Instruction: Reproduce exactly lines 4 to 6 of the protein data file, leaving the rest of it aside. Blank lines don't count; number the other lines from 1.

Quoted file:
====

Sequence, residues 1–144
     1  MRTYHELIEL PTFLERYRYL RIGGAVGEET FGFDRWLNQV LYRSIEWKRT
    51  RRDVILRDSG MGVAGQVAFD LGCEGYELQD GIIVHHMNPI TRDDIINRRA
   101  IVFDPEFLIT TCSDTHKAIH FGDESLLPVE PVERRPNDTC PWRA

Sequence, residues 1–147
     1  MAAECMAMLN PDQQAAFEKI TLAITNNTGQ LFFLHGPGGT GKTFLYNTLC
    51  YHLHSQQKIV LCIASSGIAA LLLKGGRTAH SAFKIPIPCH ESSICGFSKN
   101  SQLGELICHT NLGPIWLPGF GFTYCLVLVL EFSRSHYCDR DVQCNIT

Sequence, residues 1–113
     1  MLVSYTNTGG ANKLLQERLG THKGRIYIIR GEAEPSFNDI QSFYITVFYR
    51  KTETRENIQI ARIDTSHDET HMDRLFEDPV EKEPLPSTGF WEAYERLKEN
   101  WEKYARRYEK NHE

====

   101  IVFDPEFLIT TCSDTHKAIH FGDESLLPVE PVERRPNDTC PWRA

Sequence, residues 1–147
     1  MAAECMAMLN PDQQAAFEKI TLAITNNTGQ LFFLHGPGGT GKTFLYNTLC